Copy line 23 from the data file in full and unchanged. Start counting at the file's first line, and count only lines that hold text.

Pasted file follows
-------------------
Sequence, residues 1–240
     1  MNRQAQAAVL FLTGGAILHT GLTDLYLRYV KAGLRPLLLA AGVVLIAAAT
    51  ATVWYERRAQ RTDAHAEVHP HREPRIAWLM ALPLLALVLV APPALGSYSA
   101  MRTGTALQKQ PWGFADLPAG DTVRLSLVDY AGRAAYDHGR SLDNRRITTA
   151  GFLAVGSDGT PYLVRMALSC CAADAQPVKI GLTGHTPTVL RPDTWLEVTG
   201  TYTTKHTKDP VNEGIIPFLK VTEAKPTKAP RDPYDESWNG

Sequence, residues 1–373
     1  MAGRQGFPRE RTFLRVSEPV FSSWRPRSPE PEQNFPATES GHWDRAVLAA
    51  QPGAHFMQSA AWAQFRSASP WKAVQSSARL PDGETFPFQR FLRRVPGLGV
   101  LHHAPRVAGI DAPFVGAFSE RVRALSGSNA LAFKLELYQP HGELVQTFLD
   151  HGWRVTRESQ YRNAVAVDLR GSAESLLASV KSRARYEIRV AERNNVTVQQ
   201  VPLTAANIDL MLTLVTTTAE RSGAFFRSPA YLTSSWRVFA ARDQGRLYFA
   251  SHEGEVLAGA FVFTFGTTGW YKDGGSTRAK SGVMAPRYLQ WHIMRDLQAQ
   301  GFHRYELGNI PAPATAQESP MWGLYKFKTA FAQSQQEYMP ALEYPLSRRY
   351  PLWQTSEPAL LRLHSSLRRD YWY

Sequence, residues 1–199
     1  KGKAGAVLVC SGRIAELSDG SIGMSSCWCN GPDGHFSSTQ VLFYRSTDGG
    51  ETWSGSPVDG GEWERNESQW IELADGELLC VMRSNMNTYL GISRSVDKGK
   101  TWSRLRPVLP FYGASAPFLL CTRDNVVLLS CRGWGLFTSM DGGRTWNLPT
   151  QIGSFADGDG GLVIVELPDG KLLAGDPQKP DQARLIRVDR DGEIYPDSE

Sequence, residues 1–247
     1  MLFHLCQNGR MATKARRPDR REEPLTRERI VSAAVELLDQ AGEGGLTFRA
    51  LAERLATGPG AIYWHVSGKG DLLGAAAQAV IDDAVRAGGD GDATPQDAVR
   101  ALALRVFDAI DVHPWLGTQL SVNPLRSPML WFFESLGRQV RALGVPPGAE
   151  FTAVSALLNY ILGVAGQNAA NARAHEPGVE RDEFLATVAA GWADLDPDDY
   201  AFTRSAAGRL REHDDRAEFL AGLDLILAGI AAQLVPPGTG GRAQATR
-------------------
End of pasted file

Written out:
    51  LAERLATGPG AIYWHVSGKG DLLGAAAQAV IDDAVRAGGD GDATPQDAVR